January 29, 2014 — North Carolina Gov. Pat McCrory (R) and Republican legislative leaders disagree whether the state should appeal a recent court ruling that overturned an ultrasound requirement in a state antiabortion-rights law (HB 854), the AP/Atlanta Journal-Constitution reports (Dalesio, AP/Atlanta Journal-Constitution, 1/27).
Under the legislation -- which took effect in October 2011 -- an abortion cannot be performed unless a woman receives state-specified information about the procedure, an ultrasound and a description of the ultrasound image. The woman does not have to watch the ultrasound screen or listen to the description, but she had to sign a document acknowledging that the description was provided. The document had to be kept on file for at least seven years.
Earlier this month, U.S. District Judge Catherine Eagles said the law violates a physicians' free-speech rights because the state does not have "the power to compel a health care provider to speak, in his or her own voice, the state's ideological message in favor of carrying a pregnancy to term" (Women's Health Policy Report, 1/21).
McCrory Against Appeal; GOP Leaders Favor It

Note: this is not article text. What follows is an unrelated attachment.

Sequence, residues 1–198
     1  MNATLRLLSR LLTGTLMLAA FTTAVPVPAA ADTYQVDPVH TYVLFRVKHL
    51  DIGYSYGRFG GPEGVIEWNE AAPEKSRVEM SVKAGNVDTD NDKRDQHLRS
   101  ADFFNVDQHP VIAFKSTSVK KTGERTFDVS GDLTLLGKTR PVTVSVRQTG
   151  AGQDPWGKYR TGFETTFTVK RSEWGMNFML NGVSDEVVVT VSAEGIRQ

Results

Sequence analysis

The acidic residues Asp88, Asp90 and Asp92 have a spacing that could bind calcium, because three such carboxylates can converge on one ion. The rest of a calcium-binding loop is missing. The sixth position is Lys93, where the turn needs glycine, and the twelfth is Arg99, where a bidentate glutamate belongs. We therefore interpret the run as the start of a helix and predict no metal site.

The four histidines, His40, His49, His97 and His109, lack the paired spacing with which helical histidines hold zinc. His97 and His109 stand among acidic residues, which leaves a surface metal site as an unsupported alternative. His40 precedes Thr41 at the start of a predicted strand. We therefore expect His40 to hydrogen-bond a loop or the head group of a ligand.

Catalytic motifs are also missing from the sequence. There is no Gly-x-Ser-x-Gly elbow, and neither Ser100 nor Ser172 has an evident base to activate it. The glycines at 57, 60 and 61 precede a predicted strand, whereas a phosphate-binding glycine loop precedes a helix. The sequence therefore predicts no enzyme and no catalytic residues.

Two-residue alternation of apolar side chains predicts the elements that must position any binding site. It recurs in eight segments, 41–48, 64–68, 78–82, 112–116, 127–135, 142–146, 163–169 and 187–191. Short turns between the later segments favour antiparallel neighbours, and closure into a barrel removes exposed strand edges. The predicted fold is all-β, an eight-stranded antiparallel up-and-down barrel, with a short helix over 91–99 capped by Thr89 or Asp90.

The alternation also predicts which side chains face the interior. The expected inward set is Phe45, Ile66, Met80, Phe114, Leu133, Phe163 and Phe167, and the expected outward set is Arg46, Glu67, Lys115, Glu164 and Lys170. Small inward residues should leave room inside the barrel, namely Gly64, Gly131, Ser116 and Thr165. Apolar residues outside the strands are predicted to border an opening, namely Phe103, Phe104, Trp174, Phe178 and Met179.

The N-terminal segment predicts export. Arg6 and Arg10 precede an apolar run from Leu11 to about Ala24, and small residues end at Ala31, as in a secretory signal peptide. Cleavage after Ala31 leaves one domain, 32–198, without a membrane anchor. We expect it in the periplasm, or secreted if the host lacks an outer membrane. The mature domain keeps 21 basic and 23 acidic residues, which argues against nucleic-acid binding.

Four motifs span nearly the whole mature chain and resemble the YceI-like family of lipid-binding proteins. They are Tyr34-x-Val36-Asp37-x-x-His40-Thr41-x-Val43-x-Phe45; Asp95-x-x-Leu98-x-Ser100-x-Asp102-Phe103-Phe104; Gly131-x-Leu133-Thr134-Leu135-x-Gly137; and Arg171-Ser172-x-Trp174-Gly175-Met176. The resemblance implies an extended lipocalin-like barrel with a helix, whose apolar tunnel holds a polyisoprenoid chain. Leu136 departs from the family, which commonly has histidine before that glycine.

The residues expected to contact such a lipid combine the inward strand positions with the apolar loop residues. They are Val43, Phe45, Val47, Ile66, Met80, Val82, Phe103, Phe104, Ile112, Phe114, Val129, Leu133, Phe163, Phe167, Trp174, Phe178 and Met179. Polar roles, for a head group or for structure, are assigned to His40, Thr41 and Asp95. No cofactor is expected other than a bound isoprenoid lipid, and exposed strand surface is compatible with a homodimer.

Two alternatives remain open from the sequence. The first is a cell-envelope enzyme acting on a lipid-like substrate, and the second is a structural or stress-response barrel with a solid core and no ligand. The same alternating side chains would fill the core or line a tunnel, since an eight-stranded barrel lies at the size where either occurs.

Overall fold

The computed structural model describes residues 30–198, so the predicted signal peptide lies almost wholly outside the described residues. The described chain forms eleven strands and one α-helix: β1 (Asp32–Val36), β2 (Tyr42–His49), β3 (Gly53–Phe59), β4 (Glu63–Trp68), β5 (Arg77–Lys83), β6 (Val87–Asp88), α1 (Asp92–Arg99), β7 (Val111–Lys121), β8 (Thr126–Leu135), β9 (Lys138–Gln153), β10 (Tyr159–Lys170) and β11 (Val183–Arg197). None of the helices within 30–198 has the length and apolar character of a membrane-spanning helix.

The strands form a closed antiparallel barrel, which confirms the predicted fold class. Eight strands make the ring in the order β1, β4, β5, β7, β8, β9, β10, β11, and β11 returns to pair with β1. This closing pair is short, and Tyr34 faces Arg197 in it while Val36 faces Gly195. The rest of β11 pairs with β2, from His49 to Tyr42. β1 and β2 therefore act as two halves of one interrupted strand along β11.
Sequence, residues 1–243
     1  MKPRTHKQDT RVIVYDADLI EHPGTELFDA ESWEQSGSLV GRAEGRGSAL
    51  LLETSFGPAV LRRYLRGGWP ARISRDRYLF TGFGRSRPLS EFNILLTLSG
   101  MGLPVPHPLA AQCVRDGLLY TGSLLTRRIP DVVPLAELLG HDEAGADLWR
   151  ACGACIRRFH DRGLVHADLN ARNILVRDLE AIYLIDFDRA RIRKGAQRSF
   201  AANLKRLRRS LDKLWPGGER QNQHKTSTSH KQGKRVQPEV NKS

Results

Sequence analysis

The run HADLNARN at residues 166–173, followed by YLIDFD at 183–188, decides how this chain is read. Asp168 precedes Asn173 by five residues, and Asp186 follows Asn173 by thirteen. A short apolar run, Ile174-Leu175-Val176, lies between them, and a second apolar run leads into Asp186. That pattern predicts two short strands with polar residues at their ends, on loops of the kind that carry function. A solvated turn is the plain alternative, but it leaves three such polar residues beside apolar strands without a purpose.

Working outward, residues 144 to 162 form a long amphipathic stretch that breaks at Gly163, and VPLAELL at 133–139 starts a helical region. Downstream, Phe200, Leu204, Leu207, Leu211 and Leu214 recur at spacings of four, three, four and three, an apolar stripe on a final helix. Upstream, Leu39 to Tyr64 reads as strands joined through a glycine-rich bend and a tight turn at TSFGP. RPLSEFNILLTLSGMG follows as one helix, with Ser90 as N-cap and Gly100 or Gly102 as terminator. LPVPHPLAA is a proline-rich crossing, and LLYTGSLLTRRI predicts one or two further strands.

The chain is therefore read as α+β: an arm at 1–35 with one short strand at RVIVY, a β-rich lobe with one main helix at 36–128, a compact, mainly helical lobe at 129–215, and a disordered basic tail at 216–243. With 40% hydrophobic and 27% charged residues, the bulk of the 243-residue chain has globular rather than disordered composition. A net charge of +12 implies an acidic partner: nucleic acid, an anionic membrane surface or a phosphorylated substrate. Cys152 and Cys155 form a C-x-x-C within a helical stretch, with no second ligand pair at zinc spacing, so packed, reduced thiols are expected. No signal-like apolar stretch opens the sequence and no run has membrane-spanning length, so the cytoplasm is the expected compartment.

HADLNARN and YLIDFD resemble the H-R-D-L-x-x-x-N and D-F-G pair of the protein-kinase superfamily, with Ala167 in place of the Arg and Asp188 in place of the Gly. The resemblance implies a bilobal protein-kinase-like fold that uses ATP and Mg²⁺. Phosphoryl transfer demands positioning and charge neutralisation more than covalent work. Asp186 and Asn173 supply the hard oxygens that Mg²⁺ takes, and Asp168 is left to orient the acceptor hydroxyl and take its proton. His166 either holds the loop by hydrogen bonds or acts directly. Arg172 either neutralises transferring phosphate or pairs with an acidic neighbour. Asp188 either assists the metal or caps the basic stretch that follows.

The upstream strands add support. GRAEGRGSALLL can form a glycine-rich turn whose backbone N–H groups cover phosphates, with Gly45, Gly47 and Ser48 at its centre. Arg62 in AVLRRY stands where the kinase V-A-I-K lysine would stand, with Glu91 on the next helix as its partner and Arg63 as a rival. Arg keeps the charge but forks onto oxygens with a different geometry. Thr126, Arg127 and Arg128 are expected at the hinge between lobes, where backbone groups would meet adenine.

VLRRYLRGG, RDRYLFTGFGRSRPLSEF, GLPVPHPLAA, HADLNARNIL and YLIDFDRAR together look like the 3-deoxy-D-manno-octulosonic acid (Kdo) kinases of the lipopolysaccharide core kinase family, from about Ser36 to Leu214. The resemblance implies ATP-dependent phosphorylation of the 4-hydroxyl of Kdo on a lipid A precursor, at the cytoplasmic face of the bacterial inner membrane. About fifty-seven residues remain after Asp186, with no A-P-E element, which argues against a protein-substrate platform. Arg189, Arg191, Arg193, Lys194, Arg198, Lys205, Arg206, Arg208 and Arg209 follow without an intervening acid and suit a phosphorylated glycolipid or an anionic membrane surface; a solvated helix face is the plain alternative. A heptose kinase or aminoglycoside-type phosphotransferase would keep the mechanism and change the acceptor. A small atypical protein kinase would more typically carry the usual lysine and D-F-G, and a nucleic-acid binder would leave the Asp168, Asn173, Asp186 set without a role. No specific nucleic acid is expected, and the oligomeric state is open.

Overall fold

McCrory said in a statement that the state should not appeal because it would be too costly and because other provisions were upheld.
"The heart of the legislation remains intact, and patients will still receive access to important information and ample time needed to make decisions," he said, adding, "After extensive review, I do not believe costly and drawn out litigation should be continued concerning only one provision that was not upheld by the court" (Jarvis, Raleigh News & Observer, 1/25).
However, state House Speaker Thom Tills (R) and state Senate President Pro Tem Phil Berger (R) said in a statement that they expect state Attorney General Roy Cooper (D) "to quickly move forward with an appeal of this provision."
Cooper's office is consulting with both McCrory and the GOP legislative leaders about whether to file the appeal. Under a state law passed last year, the House speaker and Senate leader have the authority to defend laws if the attorney general does not fully protect them in court (AP/Atlanta Journal-Constitution, 1/27).
Planned Parenthood of Central North Carolina spokesperson Paige Johnson said, "We commend the governor and think it's about time he stood up to the extremists in the legislature and kept his promise to the women of North Carolina not to impose any new restrictions on abortions."
North Carolina Values Coalition Executive Director Tami Fitzgerald expressed disappointment in McCrory, stating that "[n]o appeals court has found similar ultrasound provisions unconstitutional" (Raleigh News & Observer, 1/25).